I realize by titling this blog “calling it quits” some people might jump to the conclusion that I’m quitting writing or even this blog. So I should say upfront that that isn’t the case.
But it doesn’t mean I haven’t thought about it several hundred times in the last month.
I’m sure everyone sitting in our shoes (the Awaiting an Agent/Publication shoes, I mean), goes through this. The times you want to pull your hair out in confusion because even after fixing the scene 20 times on page 131, it still doesn’t work. When you feel defeated after getting a particularly harsh rejection that compares your writing to that of the agent’s dog (or at least that’s how you interpret the letter). Or if you lose confidence in your writing after a bad critique.
It’s not that you want to quit writing in general. But just the working towards publication aspect.
And even though I’ve been in the Awaiting an Agent stage for awhile and have nothing else to compare it too, I would wager a bet that we in particular are more prone to the thoughts of wanting to call it quits. Because when you are sitting in the pre-pubbed position you have to have complete and utter faith in your writing. You haven’t had an agent or an editor that has taken a chance on you and believes in your work. All you have is yourself and select friends you’ve meet along the writing journey. You have to trust in yourself, your writing, and the feedback from critique partners.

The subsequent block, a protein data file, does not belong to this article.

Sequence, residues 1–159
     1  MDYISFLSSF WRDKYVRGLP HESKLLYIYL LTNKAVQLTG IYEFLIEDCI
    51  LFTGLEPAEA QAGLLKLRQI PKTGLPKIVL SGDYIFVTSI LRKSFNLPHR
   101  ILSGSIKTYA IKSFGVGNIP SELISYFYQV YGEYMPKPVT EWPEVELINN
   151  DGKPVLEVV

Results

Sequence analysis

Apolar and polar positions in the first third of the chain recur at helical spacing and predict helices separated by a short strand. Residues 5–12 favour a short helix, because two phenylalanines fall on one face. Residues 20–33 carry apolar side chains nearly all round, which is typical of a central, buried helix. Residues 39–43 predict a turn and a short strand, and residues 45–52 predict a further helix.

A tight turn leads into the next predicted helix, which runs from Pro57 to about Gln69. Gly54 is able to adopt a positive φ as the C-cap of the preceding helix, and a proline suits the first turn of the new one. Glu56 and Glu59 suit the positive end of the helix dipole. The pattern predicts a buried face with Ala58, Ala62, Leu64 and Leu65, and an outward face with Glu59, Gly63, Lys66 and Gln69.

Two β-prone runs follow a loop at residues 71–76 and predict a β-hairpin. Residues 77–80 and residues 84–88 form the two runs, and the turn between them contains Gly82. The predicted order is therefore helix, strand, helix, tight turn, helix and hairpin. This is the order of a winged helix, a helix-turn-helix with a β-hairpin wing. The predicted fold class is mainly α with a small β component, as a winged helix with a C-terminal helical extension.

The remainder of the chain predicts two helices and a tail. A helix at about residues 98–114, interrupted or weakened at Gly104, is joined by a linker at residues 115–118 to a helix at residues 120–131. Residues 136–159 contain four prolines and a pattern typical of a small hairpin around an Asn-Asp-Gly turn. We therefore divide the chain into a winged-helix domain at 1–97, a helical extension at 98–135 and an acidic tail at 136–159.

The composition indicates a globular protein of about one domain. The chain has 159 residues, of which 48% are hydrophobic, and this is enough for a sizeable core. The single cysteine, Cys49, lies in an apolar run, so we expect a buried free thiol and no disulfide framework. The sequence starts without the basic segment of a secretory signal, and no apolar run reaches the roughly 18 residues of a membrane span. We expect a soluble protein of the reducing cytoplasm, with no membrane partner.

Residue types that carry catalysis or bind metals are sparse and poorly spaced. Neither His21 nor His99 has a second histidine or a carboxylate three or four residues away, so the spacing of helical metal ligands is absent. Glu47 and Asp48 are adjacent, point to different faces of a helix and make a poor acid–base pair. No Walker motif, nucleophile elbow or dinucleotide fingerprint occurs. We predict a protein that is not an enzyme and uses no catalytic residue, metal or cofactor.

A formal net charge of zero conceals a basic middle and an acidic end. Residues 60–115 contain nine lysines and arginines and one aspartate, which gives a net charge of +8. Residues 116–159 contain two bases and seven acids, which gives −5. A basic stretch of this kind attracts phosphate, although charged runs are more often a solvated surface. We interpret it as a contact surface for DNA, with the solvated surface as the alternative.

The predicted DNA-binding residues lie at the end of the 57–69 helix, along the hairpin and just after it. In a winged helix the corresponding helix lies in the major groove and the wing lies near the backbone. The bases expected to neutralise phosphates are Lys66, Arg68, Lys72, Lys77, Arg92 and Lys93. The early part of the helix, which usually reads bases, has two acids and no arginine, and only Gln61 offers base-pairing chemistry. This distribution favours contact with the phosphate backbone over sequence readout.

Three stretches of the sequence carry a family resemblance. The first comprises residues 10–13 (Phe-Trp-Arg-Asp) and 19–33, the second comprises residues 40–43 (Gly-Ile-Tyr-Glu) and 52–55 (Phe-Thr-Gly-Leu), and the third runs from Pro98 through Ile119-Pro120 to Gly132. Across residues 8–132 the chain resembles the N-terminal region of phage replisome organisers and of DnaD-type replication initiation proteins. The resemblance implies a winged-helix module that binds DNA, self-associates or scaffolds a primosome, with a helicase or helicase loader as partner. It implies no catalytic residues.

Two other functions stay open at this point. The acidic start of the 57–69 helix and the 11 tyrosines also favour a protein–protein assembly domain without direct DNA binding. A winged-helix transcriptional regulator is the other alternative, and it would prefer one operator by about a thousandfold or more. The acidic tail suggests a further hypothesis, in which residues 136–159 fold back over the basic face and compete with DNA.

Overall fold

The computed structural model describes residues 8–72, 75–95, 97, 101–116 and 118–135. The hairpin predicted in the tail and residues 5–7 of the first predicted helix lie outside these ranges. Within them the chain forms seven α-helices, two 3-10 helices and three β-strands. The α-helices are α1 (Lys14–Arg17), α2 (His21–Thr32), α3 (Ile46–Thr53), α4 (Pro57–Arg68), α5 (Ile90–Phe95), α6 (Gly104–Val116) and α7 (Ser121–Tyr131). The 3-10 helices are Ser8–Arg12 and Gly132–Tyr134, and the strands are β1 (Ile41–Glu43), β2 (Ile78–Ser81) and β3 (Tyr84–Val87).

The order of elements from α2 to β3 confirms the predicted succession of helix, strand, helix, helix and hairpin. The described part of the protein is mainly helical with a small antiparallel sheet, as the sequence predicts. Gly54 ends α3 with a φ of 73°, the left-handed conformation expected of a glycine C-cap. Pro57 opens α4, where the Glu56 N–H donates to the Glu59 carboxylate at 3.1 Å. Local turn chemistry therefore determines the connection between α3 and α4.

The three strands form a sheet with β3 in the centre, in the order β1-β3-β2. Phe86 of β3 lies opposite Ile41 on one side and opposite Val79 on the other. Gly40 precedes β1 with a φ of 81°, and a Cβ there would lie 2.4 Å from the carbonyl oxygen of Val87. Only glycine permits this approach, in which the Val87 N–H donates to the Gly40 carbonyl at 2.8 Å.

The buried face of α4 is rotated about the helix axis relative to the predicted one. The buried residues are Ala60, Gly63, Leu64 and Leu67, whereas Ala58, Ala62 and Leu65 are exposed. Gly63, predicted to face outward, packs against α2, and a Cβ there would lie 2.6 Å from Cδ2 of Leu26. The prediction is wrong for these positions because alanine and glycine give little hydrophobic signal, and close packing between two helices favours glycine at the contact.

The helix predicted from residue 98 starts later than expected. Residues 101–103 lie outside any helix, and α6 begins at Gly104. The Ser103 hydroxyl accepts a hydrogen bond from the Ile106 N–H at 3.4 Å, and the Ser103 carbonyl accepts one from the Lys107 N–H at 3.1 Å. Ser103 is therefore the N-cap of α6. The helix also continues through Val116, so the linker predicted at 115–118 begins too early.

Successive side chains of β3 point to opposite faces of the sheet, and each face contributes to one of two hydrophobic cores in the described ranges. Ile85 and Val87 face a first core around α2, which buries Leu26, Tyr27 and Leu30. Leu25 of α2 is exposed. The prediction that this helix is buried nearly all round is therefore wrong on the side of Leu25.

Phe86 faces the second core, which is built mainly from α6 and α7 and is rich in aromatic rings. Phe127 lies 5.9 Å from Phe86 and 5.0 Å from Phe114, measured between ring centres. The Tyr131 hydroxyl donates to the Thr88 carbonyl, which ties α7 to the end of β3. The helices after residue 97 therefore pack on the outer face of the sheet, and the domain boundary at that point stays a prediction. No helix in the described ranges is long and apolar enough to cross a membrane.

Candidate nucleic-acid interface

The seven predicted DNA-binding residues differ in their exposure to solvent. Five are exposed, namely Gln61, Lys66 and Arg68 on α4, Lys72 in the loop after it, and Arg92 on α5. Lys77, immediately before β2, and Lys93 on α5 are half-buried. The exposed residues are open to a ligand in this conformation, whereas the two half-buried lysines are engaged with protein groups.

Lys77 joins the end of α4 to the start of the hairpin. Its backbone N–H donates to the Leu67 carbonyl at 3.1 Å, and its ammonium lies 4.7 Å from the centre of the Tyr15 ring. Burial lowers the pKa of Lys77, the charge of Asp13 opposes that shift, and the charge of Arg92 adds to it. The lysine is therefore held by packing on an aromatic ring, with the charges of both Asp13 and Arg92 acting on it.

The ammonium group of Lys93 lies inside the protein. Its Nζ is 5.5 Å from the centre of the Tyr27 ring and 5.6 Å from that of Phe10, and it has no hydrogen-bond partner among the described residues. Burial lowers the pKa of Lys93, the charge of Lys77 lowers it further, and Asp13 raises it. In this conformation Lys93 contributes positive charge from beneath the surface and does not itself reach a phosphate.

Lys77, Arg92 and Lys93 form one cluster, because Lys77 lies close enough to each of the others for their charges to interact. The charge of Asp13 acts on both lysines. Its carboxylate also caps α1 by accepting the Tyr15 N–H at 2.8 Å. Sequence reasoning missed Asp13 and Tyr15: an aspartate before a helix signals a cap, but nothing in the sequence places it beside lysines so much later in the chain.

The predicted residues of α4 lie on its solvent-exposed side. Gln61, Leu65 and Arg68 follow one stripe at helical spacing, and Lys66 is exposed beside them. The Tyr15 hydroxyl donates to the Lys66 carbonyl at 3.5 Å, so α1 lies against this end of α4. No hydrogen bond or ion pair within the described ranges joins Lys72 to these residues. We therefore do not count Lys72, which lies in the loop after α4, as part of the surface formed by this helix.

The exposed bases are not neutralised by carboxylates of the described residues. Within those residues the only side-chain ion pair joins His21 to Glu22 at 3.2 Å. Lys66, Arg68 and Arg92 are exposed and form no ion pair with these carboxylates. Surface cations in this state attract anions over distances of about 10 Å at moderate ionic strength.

And dang-it if sometimes the little voices of people like this guy creep into your head. And for a second you lose faith.
Kind of like how Katee on So You Think You Can Dance felt when asked by the judges if she’d try out for next year’s show if she didn’t make this season. And she answered “I don’t know” and stumbled around with a bunch of other words that almost prevented the judges from picking her.
How many of us have thought of this? Several whom have gone onto be published, too, I’m sure. Katee made it on the show and is definitely one of the front-runners to win, but after getting rejected by the show before and thinking her dream was going to be crushed again this year, it’s hard to keep positive and trust in your abilities.
But I’m sure just like Katee and all of us, even though we think about it frequently, most of us know we’ll never quit. Because the second we think about quitting, we have thoughts about all the reasons we’d kick ourselves in the butt if we gave up now. And if we called it quits, we’d never be published.
So to all of us that may be feeling particularly defeated lately. Whether it be you are waiting on getting a break, uncertain of your next career move, or worried about your upcoming publication. Remember to keep the faith! Or as much of it that you can keep.
--Emily, a certain Miss Awaiting an Agent who wrote this post mainly to remind herself about this